We then made our way back up to the room to make sure we packed everything and to wait on our taxi. With some time to spare my husband and oldest daughter wanted to make one last run to the souvenir market by the beach. They went to do their thing, and my youngest daughter and I sat on our porch enjoying some last-minute sunshine in the salty air.
Weird.The photo I took below with a dog on the roof. The sky looks so grey, but it was NOT a cloudy morning!
Lester arrived right on time. He drove the same blue vintage Plymouth from two days ago for this trip. We packed up our things, handed the keys to Iris and went off on our way to the airport. It was bittersweet leaving the peninsula. I had finally started to enjoy the relaxation that Varadero brought me. But, we all know, vacation isn’t supposed to last for life.
While driving to the airport, we talked a lot to Lester. He was such a nice guy. He told us all about his girlfriend, showing us her photos on his phone of her, and his plans to propose to her some day soon. He asked us how we met, and how long it took to get married. He was surprised to hear how young we were when we met, but more so how we had dated for five years before getting married, then waited four years to start a family. Is that surprising? hmm..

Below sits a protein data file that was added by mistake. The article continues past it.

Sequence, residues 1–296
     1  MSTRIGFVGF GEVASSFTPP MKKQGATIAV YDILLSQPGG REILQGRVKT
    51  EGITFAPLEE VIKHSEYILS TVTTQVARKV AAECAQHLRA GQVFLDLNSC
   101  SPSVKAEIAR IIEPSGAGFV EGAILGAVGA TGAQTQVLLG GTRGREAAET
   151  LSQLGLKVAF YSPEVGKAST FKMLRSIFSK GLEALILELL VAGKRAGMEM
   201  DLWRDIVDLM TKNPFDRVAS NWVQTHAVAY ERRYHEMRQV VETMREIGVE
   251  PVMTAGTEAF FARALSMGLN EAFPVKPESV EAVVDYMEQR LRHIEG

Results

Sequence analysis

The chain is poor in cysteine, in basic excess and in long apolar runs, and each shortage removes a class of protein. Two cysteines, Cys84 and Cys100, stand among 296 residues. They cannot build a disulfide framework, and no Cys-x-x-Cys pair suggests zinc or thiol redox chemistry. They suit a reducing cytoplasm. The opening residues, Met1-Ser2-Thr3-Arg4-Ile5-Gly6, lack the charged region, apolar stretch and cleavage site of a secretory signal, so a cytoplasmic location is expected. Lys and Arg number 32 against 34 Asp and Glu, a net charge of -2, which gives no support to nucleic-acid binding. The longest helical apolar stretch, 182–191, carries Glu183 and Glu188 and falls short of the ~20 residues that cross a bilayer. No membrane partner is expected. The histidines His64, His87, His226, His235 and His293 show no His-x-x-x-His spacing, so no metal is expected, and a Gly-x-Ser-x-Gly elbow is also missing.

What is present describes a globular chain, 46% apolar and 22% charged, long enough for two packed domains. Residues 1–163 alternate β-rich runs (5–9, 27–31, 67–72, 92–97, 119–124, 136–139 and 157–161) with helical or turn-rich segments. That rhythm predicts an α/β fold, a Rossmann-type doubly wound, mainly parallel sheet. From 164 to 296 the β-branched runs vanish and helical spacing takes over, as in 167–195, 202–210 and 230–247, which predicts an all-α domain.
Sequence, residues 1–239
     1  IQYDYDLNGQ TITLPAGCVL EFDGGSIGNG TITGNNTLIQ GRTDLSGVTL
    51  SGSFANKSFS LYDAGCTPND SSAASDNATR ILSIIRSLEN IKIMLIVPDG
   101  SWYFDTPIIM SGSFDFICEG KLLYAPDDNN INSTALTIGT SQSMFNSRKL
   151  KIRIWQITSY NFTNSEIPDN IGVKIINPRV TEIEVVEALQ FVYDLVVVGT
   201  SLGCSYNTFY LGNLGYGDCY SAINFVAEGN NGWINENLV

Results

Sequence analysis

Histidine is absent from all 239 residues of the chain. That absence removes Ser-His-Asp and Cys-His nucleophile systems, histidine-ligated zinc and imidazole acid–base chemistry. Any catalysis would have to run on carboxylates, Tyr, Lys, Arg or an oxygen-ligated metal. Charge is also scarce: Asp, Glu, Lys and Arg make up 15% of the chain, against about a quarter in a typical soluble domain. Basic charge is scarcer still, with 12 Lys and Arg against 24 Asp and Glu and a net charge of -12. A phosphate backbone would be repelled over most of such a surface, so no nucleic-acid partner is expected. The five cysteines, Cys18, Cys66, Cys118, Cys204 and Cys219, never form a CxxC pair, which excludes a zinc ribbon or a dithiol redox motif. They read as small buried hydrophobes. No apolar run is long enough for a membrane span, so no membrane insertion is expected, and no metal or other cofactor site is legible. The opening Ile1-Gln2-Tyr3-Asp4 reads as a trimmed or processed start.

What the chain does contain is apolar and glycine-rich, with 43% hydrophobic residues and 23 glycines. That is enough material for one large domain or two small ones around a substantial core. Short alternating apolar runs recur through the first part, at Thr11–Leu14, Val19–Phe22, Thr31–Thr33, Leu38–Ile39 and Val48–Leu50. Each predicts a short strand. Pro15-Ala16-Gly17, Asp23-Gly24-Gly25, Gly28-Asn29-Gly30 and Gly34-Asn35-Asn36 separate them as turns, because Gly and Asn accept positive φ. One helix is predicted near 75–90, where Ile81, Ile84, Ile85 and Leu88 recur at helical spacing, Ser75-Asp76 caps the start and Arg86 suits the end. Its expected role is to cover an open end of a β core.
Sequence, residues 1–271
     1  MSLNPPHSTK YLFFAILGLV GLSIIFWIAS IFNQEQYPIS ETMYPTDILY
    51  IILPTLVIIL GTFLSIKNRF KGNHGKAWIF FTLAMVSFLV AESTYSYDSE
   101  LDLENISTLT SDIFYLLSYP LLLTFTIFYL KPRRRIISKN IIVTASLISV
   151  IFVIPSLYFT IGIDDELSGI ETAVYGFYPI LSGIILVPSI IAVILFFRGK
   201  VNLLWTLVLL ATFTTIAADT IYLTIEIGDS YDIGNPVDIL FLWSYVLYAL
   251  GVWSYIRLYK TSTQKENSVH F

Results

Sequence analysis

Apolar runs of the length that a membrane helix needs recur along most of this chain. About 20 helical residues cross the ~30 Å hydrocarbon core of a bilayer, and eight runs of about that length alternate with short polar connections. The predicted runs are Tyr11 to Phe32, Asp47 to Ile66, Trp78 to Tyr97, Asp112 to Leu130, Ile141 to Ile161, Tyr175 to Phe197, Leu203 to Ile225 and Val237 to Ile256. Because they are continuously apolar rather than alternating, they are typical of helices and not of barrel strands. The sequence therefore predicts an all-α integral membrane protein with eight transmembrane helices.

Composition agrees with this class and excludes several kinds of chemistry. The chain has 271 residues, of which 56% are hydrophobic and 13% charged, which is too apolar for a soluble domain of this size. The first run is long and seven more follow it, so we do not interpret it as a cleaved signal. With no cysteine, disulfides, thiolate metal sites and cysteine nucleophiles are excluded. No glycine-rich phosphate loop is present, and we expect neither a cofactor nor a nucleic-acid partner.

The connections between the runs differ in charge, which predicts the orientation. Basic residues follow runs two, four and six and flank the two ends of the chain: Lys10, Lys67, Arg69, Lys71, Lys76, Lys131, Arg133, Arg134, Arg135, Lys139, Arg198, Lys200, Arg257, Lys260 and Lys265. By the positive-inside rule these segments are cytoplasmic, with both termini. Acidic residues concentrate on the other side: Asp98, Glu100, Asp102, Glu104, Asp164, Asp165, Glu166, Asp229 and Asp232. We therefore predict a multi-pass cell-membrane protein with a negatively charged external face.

Before hopping in the car, we had asked Lester if we could make one stop along the way, to he Revolution Square. We never got to officially see it, or stand on it, so I wanted to go pretty badly. Lester didn’t give a definitive answer, for timing reasons. Once we got to the outskirts of Havana, he said there was more than enough time to make a stop to the square. YES!!
We pulled into the lot adjacent to the square. It was packed with the coolest vintage cars!! It is kind of a funny coincidence that the red convertible here below was the very same one we saw on our first day walking in La Habana Vieja! THE SAME ONE! It is so beautiful in person I can’t even tell you how much the photo does it zero justice.
We walked over to the square, and it was empty.. just us and another family. The square faces a lot where we were standing, that was flanked by these enormous buildings that had the infamous metal structure statues of Che Guevara and Camilo Cienfuegos. Each structure has a statement signature underneath. Che’s said,”Hasta la Victoria Siempre” (Until the Victory, Always). Camilo’s said, “Vas bien, Fidel” (You’re doing fine, Fidel).